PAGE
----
Purpose of Surveys

Surveys are taken for many different purposes. They are a manner in which business and other entities gather information for evaluation. Information that is collected for surveys give insight on trends, markets, and other areas of interest depending upon what someone wants to gain knowledge about. The purpose of a survey also, is to question different groups of individuals on different matters, and then assessing the data for pertinent information relevant to the areas of question.

Just as surveys are taken for different purposes, there are also different types of surveys. The most commonly given surveys are also taken in different forms. The types of surveys that are most common are telephone surveys. Telephone surveys: allows a person to be more candid in their opinions with no face to face action required (Bluman, 2010). Telephone surveyors, have the task of calling individuals and hoping they are able to get someone to stay on the phone long enough to complete a survey. These individuals are known as telemarketers, for the reason that telephone surveys for the most part are for researching various market trends.

Another type of survey is a mail survey, where questionnaires are sent to individuals in the mail. Mailed questionnaire: are used to cover a wider geographical area than telephone or personal interview surveys (Bluman, 2010). Even though these surveys can reach more individuals than telephone surveys, it doesn’t mean all the surveys sent out will be answered and returned. Usually mailed surveys receive a “low number of responses and inappropriate answers to the questions (Bluman, 2010).

Another survey, which is much more dependable, is a person interview. This type of survey allows individuals to be more precise in their answers, and give more information as to what they are specifying. A personal interview survey is an excellent way for businesses to question employees regarding working conditions and other work related matters. If the surveyor is allowed to choose who they will interview, whether or not the survey is biased is questionable. A disadvantage to this survey method is the interviewer may be biased in their selection of respondents (Bluman, 2010).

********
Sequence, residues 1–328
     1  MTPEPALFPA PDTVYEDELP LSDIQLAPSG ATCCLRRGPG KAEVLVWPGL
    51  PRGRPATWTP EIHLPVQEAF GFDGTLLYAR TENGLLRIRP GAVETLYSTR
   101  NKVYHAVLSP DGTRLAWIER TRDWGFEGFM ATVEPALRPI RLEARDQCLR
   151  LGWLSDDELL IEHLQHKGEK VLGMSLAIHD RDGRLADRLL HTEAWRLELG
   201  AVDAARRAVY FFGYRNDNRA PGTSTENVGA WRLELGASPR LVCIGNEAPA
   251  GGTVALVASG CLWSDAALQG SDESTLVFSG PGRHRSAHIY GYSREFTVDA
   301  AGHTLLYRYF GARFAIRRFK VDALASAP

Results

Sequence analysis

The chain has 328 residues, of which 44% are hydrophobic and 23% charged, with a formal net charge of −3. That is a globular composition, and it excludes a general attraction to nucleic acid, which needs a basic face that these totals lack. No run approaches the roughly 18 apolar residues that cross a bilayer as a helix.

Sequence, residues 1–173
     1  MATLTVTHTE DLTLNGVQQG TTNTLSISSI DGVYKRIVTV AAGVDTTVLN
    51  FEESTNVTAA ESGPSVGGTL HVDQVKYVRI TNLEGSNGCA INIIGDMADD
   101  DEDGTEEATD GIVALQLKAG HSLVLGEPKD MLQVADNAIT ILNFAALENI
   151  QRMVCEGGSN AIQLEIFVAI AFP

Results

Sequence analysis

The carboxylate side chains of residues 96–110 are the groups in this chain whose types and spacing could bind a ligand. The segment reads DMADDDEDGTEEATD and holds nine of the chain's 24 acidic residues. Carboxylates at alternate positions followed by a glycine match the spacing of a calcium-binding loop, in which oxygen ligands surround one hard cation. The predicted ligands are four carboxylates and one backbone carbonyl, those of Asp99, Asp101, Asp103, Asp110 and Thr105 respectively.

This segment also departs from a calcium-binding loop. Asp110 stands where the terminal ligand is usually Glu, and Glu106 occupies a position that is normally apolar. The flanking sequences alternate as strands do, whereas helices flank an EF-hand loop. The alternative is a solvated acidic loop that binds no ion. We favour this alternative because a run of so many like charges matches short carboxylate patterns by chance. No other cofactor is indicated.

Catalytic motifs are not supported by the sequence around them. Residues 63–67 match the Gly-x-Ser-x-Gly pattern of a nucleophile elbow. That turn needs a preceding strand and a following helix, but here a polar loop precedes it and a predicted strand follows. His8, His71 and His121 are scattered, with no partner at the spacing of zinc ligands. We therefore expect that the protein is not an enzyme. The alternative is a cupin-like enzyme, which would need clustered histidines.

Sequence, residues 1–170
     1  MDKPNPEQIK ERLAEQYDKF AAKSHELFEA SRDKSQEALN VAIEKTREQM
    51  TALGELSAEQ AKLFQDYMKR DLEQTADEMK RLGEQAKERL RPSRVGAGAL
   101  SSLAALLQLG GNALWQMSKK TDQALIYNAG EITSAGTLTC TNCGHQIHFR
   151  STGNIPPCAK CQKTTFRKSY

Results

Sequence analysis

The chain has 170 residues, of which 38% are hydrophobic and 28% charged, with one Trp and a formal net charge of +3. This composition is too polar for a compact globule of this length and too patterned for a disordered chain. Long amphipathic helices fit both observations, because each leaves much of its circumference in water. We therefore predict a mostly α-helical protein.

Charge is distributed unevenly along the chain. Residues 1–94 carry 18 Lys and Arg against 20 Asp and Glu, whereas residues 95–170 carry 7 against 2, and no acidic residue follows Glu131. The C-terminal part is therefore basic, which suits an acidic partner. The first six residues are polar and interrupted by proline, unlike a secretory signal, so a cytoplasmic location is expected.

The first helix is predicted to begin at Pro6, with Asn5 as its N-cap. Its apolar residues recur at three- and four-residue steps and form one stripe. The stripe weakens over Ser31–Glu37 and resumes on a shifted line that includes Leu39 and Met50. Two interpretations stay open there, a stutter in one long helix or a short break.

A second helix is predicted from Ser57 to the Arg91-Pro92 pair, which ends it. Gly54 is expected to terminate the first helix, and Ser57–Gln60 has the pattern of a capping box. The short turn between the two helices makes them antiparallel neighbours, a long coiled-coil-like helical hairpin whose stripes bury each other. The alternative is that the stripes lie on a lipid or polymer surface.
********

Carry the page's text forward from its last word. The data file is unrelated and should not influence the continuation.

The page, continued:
To ensure that answer that are given when you do participate in a survey, you should make sure there is a statement in the survey, or given orally, that your privacy is guaranteed. This privacy is ensured through The Confidential Information and Statistical Efficiency Act of 2002 (CIPSEA). This act ensures that information provided to statistical agencies for statistical purposes under a pledge of confidentiality can be used only for statistical purposes, and that individuals’ or organizations’ data confidential data should be kept confidential (Privacy and Confidentiality).

Whether or not a survey is unbiased is always an area of concern. The best way to assure that a survey is unbiased is through randomness. By surveying individuals from all different areas including, gender, race, economic status and other sociological aspects, will ensure that the surveys will produce unbiased results.

Planning for a survey and having the proper amount of time in which to conduct and complete a survey is very beneficial to the end results. Having the right amount of time to conduct a survey will give the surveyor the opportunity to ask the questions, and make sure the respondent understands the question, as well as giving the respondent ample time to think about the question, give a response and making changes if necessary to the response. References:

Privacy and Confidentiality (2009), Laws and Regulations about Privacy and Confidentiality, retrieved February 20, 2011 from, http://www.amstat.org/committees/pc/laws.html. Bluman, A.G. (2010). Elementary statistics, 5th ed.. New York, NY: McGraw-Hill.